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The grand deception around D-Day

Operation Bodyguard

British soldiers lifting an inflatable dummy Sherman tank
(Photo: Wikipedia)

In early 1944, the British decided it was time to launch Operation Zeppelin, the amphibious invasion of the Balkans to open a new front in Europe. Assembling in North Africa, the British 12th Army was poised to invade Greece, in the process taking back the island of Crete lost to Germany in 1941. The date of the invasion was set for March 29 to take advantage of the full moon. On the 10th of the same month, however, plans were pushed back to April or May so the attack would coincide with the Soviet invasion of Bulgaria. Anti-Nazi resistance leaders in Yugoslavia were to be notified by radio about the final dates so they could assist by harassing German forces. The invasion was delayed again, until May 21 due to Soviet request and its direction was changed. Because of a mutiny of Allied Greek forces in Africa, Greece was to be avoided and the landing conducted in Albania and Croatia.
 
If you've never heard of this invasion, that's because it never happened. The 12th Army only existed on paper, and Operation Zeppelin was a fake invasion plan hatched by the Advanced Headquarters 'A' Force, Britain's deception department in Cairo, Egypt. It was designed to keep German forces in the East Mediterranean and away from Normandy. It used a variety of tools to misdirect the enemy: double agents reporting about nonexistent troop movements, fake radio messages, dummy troops and vehicles, and Allied intelligence agents looking for maps and guides of the region – as they would prior to a genuine landing.

A British Matilda II tank with split “Sunshield” truck disguise in Egypt
(Photo: Wikipedia)
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Operation Zeppelin was part of a series of complex misdirection operations under the name Operation Bodyguard, agreed on at the 1943 Tehran Conference (codenamed Eureka) between Roosevelt, Churchill and Stalin, when the cross-Channel invasion of France was decided. Its name was inspired by a remark Churchill told Stalin: "In wartime, truth is so precious that she should always be attended by a bodyguard of lies." This bodyguard comprised plans of several fake invasions and additional sub-operations, designed to keep the Germans guessing and confused about the location and time of the real assault and to make them believe that the landing in Normandy is not the actual invasion thus keeping potential reinforcements away from Normandy even after the launch of the offensive. Since the Third Reich was fighting on several fronts, due to the uncertainty caused by the deception operations their defenses became overstretched and undermanned along the Atlantic Wall.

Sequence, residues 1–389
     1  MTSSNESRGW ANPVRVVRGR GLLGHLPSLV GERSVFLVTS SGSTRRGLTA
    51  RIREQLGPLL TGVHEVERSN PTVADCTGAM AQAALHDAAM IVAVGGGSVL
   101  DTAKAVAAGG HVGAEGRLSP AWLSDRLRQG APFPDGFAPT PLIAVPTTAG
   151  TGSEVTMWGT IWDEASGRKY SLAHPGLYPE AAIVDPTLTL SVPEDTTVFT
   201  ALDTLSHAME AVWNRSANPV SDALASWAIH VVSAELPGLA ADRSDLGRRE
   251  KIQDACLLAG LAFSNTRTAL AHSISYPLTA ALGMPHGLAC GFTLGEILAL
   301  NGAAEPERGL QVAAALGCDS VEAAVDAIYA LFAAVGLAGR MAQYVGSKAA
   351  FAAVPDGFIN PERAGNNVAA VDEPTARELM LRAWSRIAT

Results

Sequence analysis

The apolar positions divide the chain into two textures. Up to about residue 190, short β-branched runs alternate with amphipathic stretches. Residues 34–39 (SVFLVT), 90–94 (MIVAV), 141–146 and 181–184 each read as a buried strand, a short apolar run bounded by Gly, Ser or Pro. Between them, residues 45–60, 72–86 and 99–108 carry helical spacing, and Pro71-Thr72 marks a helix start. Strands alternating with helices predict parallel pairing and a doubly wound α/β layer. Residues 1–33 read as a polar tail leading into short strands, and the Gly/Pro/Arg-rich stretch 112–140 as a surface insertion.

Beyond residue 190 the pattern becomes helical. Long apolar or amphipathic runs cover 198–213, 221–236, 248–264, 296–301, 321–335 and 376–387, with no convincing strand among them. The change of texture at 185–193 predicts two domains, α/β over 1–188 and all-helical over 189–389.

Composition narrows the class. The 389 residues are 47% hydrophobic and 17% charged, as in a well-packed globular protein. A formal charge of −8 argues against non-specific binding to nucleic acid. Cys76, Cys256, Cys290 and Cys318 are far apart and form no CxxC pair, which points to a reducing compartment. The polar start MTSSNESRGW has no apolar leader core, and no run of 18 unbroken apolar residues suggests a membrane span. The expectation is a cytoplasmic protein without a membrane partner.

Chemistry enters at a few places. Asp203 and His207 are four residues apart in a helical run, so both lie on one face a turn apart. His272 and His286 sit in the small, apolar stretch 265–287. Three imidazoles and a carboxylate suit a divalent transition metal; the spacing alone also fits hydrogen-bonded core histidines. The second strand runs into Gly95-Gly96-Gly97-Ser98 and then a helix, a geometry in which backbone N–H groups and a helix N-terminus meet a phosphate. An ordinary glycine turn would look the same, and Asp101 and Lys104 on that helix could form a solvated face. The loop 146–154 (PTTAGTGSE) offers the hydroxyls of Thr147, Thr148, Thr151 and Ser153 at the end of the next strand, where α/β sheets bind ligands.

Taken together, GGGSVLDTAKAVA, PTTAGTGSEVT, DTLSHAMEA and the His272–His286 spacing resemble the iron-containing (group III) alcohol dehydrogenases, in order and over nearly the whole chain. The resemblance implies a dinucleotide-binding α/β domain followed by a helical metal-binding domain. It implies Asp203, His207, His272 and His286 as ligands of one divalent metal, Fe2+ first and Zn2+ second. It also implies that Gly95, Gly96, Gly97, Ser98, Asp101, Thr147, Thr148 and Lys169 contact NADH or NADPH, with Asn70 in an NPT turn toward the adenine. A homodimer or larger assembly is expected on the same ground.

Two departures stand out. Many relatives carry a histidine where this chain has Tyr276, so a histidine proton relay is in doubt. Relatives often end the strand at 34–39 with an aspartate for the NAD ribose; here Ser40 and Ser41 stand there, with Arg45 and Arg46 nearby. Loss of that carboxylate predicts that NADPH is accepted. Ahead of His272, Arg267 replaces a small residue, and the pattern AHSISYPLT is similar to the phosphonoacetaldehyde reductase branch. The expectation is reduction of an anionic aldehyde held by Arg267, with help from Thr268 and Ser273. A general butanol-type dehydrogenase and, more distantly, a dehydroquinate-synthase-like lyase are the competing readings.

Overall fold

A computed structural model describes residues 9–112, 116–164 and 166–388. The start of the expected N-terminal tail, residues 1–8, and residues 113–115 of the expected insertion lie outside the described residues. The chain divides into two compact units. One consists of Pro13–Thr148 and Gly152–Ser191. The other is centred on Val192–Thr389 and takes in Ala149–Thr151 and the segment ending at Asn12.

The different sub-operations of Operation Bodyguard on the map of Europe
(Photo: Wikipedia)

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The use of deception was not new in WWII, the belligerents have been using it on both sides, for instance the British constructed fake railway lines, petrol stations or tanks disguised as trucks in North Africa. Thanks to the successful interception and decryption of secret German Enigma messages with the help of the Ultra device in Bletchley Park, the Allies were in a much better position in terms of intelligence thus having more accurate information about the effectiveness of their deception maneuvers. On top of that, many of the German spies sent to Britain and other countries were compromised and captured or turned into double agents in the so-called XX System (or Double-Cross System).

British dummy tanks mounted on jeeps in Africa in 1942
(Photo: Wikipedia)

Organized by 'A' Force, Chief of Staff to the Supreme Allied Commander Ops (B) (another military deception planning department) and the London Controlling Section, Bodyguard had several components. In addition to Operation Zeppelin, there was also the comprehensive Operation Fortitude which had a North and South element.
 
Fortitude North, implemented in Operation Skye, was supposed to make the Germans believe that an invasion was being prepared against German-occupied Norway through the creation of the fictional British Fourth Army in Edinburgh, Scotland. This was done mostly via fake wireless traffic and leaking false information through double agents.